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comes at a particularly nutty time at the nra, and i say that with consideration. earlier this month, the nra filed a lawsuit against its long-time ad firm, saying essentially that nra president oliver north has been getting millions of dollars for a no-show fake tv show job from them. the nra says its ad firm is paying north millions of dollars to host an nra tv series, but they haven't really been producing it. they've just been paying him. then late this week, the long-time executive vice president of the nra, wayne lapierre, accused north of attempting to extort him. lapierre went public saying oliver north was threatening to take the nra's board a bunch of accusations against him including financial mismanagement and sexual harassment at the organization, plus apparently he was going to blow the whistle on wayne lapierre's ostensibly extensive wardrobe budget -- what --
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unless lapierre resigned his post and dropped the lawsuit against the ad firm. if that was, in fact, oliver north's weird gambit, it didn't work. this weekend, oliver north was ousted as president of the nra, right in the middle of the organization's big annual conference. the nra appears to be falling apart right now. couldn't happen to a nicer bunch. but that's before new york's attorney general even really gets started with this new investigation that she has opened into them. joining us now is national correspondent for "the washington post," kate zezima. thanks for being with us. >> thanks for having me. >> so, the nra story, i feel like, if i close one eye and back up a little bit, i can kind of tell what's going on, but this story seems to morph every day into something less and less believable. what do you think is important about what's changing or falling apart at the nra right now? >> so, this all actually happened during the nra's annual meeting, which took place in indianapolis thursday until today, actually.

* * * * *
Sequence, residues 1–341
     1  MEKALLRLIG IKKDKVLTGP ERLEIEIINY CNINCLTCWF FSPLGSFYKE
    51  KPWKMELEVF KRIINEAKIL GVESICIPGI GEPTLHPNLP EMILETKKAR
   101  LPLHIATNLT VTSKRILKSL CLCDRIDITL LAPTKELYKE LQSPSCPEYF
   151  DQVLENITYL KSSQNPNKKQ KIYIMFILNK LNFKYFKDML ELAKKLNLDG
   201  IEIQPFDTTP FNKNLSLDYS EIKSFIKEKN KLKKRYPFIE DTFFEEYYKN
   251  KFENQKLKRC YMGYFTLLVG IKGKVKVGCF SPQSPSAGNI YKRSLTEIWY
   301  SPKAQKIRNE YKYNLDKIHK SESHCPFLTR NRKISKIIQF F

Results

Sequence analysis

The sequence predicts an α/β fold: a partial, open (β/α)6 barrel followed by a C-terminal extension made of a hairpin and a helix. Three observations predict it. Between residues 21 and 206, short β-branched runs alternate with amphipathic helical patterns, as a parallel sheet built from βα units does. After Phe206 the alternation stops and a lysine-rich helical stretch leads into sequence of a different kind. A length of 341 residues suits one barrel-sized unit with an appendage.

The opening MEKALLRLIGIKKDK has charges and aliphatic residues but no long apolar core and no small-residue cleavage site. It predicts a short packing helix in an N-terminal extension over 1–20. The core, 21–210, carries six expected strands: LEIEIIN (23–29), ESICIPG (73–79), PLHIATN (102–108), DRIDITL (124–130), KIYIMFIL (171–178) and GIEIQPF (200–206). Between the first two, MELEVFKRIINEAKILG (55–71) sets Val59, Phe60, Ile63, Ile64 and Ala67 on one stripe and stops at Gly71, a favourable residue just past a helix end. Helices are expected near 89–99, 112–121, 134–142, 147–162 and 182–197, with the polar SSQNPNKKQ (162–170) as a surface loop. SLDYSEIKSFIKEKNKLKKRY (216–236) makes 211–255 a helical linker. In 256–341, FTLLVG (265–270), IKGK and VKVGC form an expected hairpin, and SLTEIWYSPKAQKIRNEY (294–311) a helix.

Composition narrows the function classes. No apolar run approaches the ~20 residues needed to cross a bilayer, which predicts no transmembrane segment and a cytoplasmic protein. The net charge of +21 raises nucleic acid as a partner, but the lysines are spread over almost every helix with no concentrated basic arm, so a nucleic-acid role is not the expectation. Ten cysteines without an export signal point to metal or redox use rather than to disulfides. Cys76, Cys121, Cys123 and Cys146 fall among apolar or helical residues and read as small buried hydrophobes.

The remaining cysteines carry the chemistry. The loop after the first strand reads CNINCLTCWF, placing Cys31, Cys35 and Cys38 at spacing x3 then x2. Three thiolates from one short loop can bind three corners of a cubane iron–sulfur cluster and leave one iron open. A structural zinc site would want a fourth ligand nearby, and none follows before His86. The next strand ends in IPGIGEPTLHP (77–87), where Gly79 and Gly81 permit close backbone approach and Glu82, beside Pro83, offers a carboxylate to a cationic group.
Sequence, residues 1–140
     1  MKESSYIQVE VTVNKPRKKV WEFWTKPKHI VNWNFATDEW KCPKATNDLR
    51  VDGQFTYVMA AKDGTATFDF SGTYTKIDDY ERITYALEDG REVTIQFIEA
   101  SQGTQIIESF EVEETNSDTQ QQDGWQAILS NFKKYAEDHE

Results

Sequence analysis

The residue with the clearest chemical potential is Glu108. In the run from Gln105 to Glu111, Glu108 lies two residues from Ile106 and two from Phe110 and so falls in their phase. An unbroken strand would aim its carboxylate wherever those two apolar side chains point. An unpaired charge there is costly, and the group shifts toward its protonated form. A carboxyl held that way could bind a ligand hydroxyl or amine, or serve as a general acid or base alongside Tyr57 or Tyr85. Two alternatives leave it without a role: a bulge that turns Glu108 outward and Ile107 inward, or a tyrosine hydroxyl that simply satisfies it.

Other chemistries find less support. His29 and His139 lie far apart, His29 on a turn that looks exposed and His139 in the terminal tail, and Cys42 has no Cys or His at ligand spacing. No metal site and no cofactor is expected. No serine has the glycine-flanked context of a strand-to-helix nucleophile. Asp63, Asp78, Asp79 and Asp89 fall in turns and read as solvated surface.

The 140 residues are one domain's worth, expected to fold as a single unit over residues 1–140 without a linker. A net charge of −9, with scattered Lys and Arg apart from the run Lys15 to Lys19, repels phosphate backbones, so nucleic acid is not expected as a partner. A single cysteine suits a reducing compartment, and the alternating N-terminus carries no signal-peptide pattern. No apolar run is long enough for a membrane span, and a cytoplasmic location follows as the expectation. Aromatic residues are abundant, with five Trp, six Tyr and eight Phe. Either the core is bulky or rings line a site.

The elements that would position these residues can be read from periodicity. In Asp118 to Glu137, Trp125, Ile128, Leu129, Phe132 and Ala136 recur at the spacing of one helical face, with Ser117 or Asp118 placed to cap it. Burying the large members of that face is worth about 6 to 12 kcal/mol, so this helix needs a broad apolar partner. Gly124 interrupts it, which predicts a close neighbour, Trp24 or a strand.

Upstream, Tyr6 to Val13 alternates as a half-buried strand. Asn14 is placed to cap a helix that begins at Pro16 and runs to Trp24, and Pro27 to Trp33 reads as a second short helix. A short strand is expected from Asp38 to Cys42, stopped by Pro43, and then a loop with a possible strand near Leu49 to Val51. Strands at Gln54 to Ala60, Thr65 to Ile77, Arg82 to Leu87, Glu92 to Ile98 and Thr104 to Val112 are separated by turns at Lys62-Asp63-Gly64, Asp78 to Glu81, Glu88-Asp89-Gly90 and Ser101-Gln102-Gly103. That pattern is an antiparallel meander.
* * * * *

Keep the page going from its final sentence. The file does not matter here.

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so, what is really important is they are facing both internal drama and external pressure. intern internally, they had this power struggle with allegations of extortion, the power struggle between wayne lapierre and oliver north, which lapierre won. he was chosen to stay on as ceo today at the board meeting, which was behind closed doors. at the same time on friday, letitia james announcing that she is investigating their nonprofit status. you know, she issued subpoenas and she issued letters to the nra, its charitable organization and other affiliated organizations, essentially saying, you know, you need to preserve your financial records. >> in terms of that investigation and the external pressure that is putting on the groups, why is it that the new york state attorney general has jurisdiction here or why is this something that at a state law level would potentially pose a real risk to the nra, which i think of a national organization and one that i don't really associate with new york at all. >> actually, a little bit of a history lesson.
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the nra was chartered in new york in 1871. so they are technically within new york state and they are therefore under the jurisdiction of the new york attorney general. they are also a nonprofit and new york has very, very strict rules and laws that guide its nonprofits. and the attorney general has a lot of leeway over that. so they are chartered in new york, even though they're based in virginia, that is where they're registered as a nonprofit, that's why letitia james is able to do what she's doing. >> and in terms of the relationship between that external pressure from james and the internal fissures that are breaking open here, and obviously oliver north is out now and wayne lapierre has emerged with this thing in his teeth, are they related, too? it seems like part of the fight between lapierre and north and what's been going on inside the organization is about the group's finances and is about serious allegations of financial wrongdoing. i'm guessing that those may ultimately turn up in a new york state investigation about how the group's nonprofit status is